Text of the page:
Transcript for Daniel Spencer letter to Franklin D. Richards printed in "Foreign Correspondence," Millennial Star, 2 August 1856, 489-90

L. D. S. Camp, near Iowa City,
Iowa, June 22, 1856.

President F. D. Richards.

Dear Brother—In reply to your favours of the 8th and 27th May, I am happy to inform you that everything moves along well with us, even better than I could have anticipated. . . . . .

The Thornton’s passengers I am expecting in a day or two. I received, on the 20th, a message of their arrival, but without date, and the telegraphic element becomes very lazy when it points its course westward. From New York a messenger will arrive here some days a-head of his own message sent to announce his coming.

It will give you much joy to learn that the hand-cart experiment is now being fairly, and so far, most successfully tested. Captain Edmund Ellsworth left here on the 9th, with 274 souls, accompanied by elders [John] Oakley and [William] Butler as assistants. Captain D[aniel]. D. McArthur left on the 11th with 221 souls, accompanied by Elders [Spicer Wells] Crandall and [Truman] Leonard as assistants. These numbering in all 497 souls, embraced 104 of the S. Curling’s company, and their fit-out was, together, 100 hand-carts, 5 wagons, 24 oxen, 4 mules, 25 tents, and provisions to Florence. Brother Ferguson visited their camps 35 miles out, and accompanied them during a portion of a morning’s march. He reports that, though their first two days’ travel were good marches for strong men, considering the sandy roads, he never visited a camp of travelling Saints so cheerful and universally happy. All were full of faith in God, and the fulfilment of His promises through His servants, and what few doubts existed in the minds of half-weakly believers, had all vanished when they saw the reality before them. The weak and feeble had already begun to gather strength; the sick were fast recovering, and the power of God was made abundantly manifest in the pouring out of His Spirit upon the people. Much credit is due, not only to the brethren in charge of the companies, but to the native Presidents of Conferences, who emulated each other in setting an example of putting in practice the theories they had taught their flocks in their fields of labour in their own country. The remainder of the S. Curling’s company of Fund passengers will leave to-morrow, numbering about 320 souls. They are organized with elder Edward Bunker as their Captain, assisted by Elders David Grant, John Parry, and Geo. W. Davis. To fit out these companies, brothers Grant and Kimball succeeded in purchasing, in the vicinity of Weston, a few cattle and mules, which, including travelling expenses, average nearly $85 per yoke for oxen, and $120 per head for mules. Since then cattle have lowered some in value, and brothers Van Cott and Grant have purchased about sufficient to fit out the independent hand-cart and ordinary dependent companies, at an average of from $38 to 65 per yoke, cows will cost from $15 to $18 each. These will be furnished at the Bluffs with the through fit-out. They have also contracted for young stock to supply the demands already made at the rate of $7 for yearling and $12 for two-years-old heifers ; dry cows $15 each. Brother George has also purchased and brought in 16 head of mules at $110, which with seven or eight which brother Van Cott has got, will make sufficient for a mule team to each 500 of the Fund companies, and for those who will cross the Plains with you. . . . . .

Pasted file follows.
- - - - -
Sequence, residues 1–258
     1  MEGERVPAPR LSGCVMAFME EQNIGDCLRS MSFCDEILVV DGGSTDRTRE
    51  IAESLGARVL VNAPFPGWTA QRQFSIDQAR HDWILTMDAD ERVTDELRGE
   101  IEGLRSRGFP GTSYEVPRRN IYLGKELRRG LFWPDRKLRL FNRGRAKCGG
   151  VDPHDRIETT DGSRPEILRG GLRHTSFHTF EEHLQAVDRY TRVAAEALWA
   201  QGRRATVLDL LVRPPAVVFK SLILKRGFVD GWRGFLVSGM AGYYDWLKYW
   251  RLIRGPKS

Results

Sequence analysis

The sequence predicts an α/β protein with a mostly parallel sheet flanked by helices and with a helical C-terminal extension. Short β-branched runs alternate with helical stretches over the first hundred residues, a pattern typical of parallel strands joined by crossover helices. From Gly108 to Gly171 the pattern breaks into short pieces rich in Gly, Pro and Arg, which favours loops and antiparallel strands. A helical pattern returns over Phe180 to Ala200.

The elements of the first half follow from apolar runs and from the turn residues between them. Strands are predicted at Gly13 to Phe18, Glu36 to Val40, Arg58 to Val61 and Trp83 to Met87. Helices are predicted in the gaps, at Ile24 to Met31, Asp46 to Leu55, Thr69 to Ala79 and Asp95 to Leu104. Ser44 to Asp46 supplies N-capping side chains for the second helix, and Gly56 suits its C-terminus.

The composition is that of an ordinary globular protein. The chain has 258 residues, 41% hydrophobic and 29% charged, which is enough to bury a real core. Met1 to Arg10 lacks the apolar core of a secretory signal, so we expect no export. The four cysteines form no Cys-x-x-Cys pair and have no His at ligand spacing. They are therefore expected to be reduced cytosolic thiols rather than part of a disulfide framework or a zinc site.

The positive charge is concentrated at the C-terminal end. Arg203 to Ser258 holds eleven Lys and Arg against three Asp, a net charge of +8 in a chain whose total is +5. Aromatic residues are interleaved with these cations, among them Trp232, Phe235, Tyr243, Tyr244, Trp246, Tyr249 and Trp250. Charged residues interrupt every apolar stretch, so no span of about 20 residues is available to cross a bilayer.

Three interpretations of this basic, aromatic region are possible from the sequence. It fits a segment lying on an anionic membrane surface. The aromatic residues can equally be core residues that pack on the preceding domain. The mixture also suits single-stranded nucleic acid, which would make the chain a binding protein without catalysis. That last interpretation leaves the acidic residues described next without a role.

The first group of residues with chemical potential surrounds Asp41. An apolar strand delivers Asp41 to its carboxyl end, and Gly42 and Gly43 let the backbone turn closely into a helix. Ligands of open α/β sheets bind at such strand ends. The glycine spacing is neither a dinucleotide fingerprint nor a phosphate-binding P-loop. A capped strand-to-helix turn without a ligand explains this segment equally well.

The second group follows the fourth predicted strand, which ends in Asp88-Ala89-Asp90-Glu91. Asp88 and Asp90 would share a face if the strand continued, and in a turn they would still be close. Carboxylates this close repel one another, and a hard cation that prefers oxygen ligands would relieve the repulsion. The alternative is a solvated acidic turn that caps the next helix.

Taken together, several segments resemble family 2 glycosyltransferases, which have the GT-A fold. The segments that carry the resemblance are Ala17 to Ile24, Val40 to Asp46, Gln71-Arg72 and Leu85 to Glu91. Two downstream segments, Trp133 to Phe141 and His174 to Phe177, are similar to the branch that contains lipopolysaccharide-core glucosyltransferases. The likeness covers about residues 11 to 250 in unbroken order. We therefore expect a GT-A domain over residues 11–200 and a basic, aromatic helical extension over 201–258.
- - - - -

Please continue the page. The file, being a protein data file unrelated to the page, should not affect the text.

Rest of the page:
I am looking for brother Van Cott daily, with the general drove of cattle, from which I expect to supply the ordinary passengers who are here, as well as those coming, with whose names you have furnished me. The first company of wagons left Florence about the 6th instant, of which, by my appointment, Elder P[hilemon]. C. Merrill took charge. Elder Peterson’s company were expected to accompany them. Elder Joseph France left in company with Captains Ellsworth and McArthur, with the appointment to take charge, on his arrival, of such of the Saints congregated there from St. Louis and other parts, as would form the second company of wagons.

Business having called me down to St. Louis a few days, I was much rejoiced, on the 14th, to meet brother Erastus, together with brothers G. A. Smith, E. T. Benson, Orson Pratt, and the other brethren bound eastward. Brother Erastus accompanied me here. He leaves to-morrow for St. Louis, and is in tolerable health. I expect he will meet the Horizon’s company at Boston, and, having a copy of that portion of your letter pertaining to the business of that company, will give it the necessary attention. I will continue to draw upon you, as heretofore, until I shall have completed the money part of the season’s operations. I shall expect to meet you at Florence, and will endeavour to have the mules harnessed and whip in hand on your arrival, and a crust of bread in pocket . . .

The health of the camp is unusually good this season. My own is also excellent. Truly the Lord has been with us, and has favoured the opening of the new route. Since we have taken the making of the hand-carts into our own hands, it is getting along beyond our best calculations. Brother Webb has been most faithful and successful in the charge of this department. The Church goods, sent by the Thornton, were already ordered to this place, and will have the proper attention.

Brothers Ferguson, McAllister, Grant, Webb and the brethren generally, join me in much love to yourself, brothers Cyrus, Little, Dunbar, Linforth, Calkin, Williams, Turnbull, and all the Saints. May success be multiplied to you in all your exertions.

Faithfully in Christ,